18th June 2013
I re-travel the route to Harris today, this time heading for West Harris and Luskentyre to meet Donald John Mackay. South of Tarbert the rocks seem to have burst free of the green that bulges in telltale lumps elsewhere, and the landscape is strewn with boulders. The road narrows to a single track and, in its ageing worn and grey surface, is almost swallowed up by the hills.
I dip and climb, with hardly a car on the road, skirting into the half-moon passing places if another does happen along until, on pulling over a summit, suddenly the sweeping bay of Luskentyre opens up before me. White sands spill like a carpet of pearls reaching far out into the bay, the shallow waters of low tide a glistening azure, and the purple-black hills tumble around the edges. A few small islands hover on the horizon at the far side of a white sandbar that stretches across the bay. The frustration of driving is that at every turn I want to stop and capture the moment in a photograph, but there is nowhere to pull off the road, just the peaty grass verge that extends to mountain.
Donald John lives in a house on the edge of the bay, down a road just the width of my small car, a minor road to the single-track road from Tarbert. Donald weaves tweed in the green shed beside his home and the clatter of the old treadle loom spills through the air as I approach. A soft subtle smell of sheep and soil permeates the little shed and I am struck by a sense of how the very earth seems to be in this room, through some unbroken chain to the past. Dimly lit and stacked high; I position myself carefully with my camera and recorders, tight between the wooden door and the heavy dark loom, careful not to knock any of the many obscure items filling the space.
Donald has used this same loom for over 30 years and he tells me they get on very well indeed. Each loom has its own peculiarities, he says, and is unique to the weaver. Weaver and loom can be in harmony. Donald started by helping his father from a very early age. It’s not a job, he tells me, it’s a way of life that has been carefully protected and handed down.
The Harris Tweed weavers are some of the last weavers working pedal powered looms. They are the custodians of that heritage and Donald feels a great responsibility to his role. Though the weaving was not popular for a period, more young people are now weaving again, supported by the local council and weaver training classes.
To be called Harris Tweed the tweed must be woven in the home and by manual foot-pedal power, the colours of the tweed reflecting the seas and the landscape of the islands. The definition of Harris Tweed is now protected by an Act of Parliament.
Everyone on the islands used to have a loom in the home for the making of their own clothes or use around the croft. But in 1846 Lady Dunmore of Abhainn Suidhe (Amhuinnsuidhe Castle), widow of the landowner of Harris, had their clan tartan replicated in tweed, introducing it to people she knew and wearing it for hunting and countryside pursuits. This was the start of commercial trading for weavers on the island.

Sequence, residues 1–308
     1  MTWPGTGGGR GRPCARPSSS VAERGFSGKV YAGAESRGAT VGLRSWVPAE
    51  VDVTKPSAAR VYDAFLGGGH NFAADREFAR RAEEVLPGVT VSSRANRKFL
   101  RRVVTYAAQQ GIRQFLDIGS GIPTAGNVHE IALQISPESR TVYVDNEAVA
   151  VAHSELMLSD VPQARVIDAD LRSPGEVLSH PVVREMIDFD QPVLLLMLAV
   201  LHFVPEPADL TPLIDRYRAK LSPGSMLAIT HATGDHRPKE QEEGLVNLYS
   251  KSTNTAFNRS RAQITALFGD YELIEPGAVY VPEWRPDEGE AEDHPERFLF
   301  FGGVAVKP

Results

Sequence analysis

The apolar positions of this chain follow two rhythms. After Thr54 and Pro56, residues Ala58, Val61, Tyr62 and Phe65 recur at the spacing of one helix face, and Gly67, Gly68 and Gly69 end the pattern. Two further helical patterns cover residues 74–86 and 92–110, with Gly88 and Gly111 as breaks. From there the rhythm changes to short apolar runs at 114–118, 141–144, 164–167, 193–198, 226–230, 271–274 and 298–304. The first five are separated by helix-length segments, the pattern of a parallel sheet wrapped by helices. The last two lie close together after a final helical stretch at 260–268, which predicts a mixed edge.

Donald has become known across the world as a master of Harris Tweed weavers. His cloth is sought out by tailors from Savile Row, who travel from London to his remote bay to choose their tweed. Tomorrow it is Austrian TV that is coming to visit.
After a lovely morning, capped with tea and biscuits, I head back along the winding road to Tarbert to meet with Calum Mackay, Chair of North Harris Estate and Deputy Head at Sir E Scott School. I pass a pleasant couple of hours meeting some of the children at the school and learning about the estate.
From about 1860 North Harris Estate was a sporting estate centred around Amhuinnsuidhe Castle, and used by the owners and their friends for its salmon fishing and red deer. A number of houses were also built to house the workers at the castle: the gate keeper’s cottage, the blacksmith’s cottage, the gamekeeper’s cottage, the gardener’s cottage, the ghillie’s cottage…
Today the 62,500 acre (253 km2)land (but not the castle building itself) of North Harris Estate is celebrating its tenth anniversary of community ownership. In Scotland, the Community Right to Buy allows communities with a population of less than 10,000 the opportunity to buy land from landowners when it comes up for sale, with financial help available from a community land fund.Communities not only take control of environmental wellbeing and preserving natural heritage, but also develop social and economic benefits for the community.
North Harris Estate has a population of around 700, including 116 crofts and 22 townships, with most people living in the town of Tarbert. Owning the land involves, amongst other things, responsibility for the deer herd, protecting the environment, clearing invasive plants and maintaining paths. Estate projects have involved a new social housing development and a recycle centre. Other income generation comes from tourism and renewable energy.
The sun is still high in the sky but the afternoon is drawing to a close and it is time to for me move on. Rather than head directly back to Lewis, I make the most of my time in Harris and turn back towards South Harris, taking the turn off to the Golden Road, that runs along the inlets of the eastern coastline. A long slither of pale grey road meandering up and around and down again, through small villages of a few scattered houses, past fishing boats and small rocky islands to the left, and the boulder-strewn moonscape of the hills and lochans to the right.
It is late by the time of my return up the spine road to Lewis.
(For more information on the North Harris Estate and on Harris Tweed visit the Digital Resources page)